Cathy Isom gives you five reasons that might make you want to join the Farm to Table Movement. That’s coming up on “This Land of Ours.”
Nothing tastes better than a fresh and juicy tomato that’s picked right from the garden. Not to mention if that garden is conveniently located just footsteps away from your kitchen. No driving into town, and no spending money at the grocery store. This is just one example of the popular Farm to Table Movement, which is all about food traveling the least amount of distance from the farm to your table — or your fork! If you’re still on the fence about joining the Farm to Table Movement, here are five reasons that may help you decide.
First, you’re getting healthier food. Local produce means it doesn’t have to travel hundreds of miles from the farm to your local store. It’s also not being sprayed with chemicals to help keep it from spoiling while en route. And, because it’s local, it’s spending more time on the vine and picked practically right before you eat. So, it’s much tastier.
The second benefit of Farm to Table is environmental sustainability. Aside from being healthier for you, local food is good for the environment. Because now that we are keeping it local, we aren’t using as much diesel fuel that a semi-trailer uses to cart produce hundreds of miles. Now multiply that by thousands of trucks all across the country and you’ll get just a glimpse into how the conventional system can hurt the environment.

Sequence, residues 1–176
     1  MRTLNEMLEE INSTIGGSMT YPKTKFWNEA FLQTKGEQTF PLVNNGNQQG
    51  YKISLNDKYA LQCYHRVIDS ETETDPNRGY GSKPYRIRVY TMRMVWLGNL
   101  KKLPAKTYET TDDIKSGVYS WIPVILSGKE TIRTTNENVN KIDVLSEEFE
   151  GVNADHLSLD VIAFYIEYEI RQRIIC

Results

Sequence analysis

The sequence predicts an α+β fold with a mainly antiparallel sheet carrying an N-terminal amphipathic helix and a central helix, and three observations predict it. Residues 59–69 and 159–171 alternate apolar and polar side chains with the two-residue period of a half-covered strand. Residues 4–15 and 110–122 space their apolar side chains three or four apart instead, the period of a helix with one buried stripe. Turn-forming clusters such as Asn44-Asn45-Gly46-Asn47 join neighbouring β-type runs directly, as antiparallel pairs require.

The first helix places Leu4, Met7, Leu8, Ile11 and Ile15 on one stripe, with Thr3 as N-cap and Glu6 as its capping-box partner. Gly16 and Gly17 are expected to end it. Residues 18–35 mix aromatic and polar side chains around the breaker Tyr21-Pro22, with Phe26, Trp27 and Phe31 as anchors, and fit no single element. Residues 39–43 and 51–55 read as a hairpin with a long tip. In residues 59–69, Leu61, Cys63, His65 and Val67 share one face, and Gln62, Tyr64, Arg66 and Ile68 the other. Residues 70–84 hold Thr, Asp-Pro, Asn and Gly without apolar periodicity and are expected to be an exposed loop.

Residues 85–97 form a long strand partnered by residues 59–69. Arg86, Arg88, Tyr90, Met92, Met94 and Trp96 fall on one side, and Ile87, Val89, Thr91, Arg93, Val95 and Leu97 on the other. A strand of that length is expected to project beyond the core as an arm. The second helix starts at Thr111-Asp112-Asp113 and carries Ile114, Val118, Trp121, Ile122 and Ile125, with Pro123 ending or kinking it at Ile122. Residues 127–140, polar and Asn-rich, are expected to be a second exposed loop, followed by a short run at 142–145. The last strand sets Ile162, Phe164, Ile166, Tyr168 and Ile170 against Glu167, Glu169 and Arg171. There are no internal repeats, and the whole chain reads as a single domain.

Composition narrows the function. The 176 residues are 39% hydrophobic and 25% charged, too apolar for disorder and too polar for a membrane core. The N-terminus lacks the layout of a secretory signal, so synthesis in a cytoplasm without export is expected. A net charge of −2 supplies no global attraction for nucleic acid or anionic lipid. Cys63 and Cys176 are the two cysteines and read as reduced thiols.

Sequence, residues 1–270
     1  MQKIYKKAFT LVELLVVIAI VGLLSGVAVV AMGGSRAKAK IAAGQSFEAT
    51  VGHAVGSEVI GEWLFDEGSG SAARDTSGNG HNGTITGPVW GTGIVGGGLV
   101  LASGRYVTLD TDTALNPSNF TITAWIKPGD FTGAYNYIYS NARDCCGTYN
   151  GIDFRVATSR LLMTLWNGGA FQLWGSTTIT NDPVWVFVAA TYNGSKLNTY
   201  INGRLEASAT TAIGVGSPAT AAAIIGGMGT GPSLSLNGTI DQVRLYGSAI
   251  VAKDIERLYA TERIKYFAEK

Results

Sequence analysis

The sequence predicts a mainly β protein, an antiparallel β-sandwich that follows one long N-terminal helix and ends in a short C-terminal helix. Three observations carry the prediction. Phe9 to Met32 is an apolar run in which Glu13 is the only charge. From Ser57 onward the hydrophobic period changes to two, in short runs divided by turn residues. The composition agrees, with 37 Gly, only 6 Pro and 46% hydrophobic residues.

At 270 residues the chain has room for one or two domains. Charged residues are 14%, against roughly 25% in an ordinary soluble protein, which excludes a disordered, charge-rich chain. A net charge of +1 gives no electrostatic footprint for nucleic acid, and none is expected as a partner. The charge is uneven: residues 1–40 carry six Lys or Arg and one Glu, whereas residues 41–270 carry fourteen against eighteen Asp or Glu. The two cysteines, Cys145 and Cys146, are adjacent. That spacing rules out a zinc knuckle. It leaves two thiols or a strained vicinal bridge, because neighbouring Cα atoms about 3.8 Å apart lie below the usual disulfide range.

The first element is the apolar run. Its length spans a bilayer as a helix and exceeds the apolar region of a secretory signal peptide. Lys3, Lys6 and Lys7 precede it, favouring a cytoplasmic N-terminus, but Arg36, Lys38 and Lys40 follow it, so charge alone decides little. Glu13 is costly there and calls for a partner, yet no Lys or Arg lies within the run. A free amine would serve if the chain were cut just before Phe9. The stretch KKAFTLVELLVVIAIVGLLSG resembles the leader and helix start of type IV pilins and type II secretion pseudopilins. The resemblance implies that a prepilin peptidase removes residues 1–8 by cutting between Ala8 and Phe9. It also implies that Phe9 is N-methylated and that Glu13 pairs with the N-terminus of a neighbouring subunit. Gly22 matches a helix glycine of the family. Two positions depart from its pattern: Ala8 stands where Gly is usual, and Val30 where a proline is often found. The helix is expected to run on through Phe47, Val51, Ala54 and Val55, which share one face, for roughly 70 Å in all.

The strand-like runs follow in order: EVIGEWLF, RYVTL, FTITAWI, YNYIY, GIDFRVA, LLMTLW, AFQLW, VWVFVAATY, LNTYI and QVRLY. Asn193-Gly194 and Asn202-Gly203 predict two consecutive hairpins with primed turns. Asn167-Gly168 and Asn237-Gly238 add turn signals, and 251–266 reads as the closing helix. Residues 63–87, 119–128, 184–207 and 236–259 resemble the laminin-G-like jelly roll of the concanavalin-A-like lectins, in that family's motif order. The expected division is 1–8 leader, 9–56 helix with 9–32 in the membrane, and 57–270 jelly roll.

The third benefit is the positive impact on local farmers. Food that comes from local farmers means money is put right into local businesses and farms. It also helps keep the cost of produce down, so you can still eat healthy if you’re on a budget.
The fourth benefit of Farm to Table is improved animal welfare. The farm-to-table movement focuses on buying from local, family-owned farms that treat their animals well, provide them with proper food and housing, and use sustainable practices.
The fifth reason and benefit for the Farm to Table Movement? Better business for restaurants. Because restaurants are buying their meat and produce local, and they’re cultivating relationships with local farmers who will continue to supply them.
The farm-to-table movement is still growing and catching on in many communities. It could inspire sustainable practices. It just might end up changing the entire industrial food system.
I’m Cathy Isom…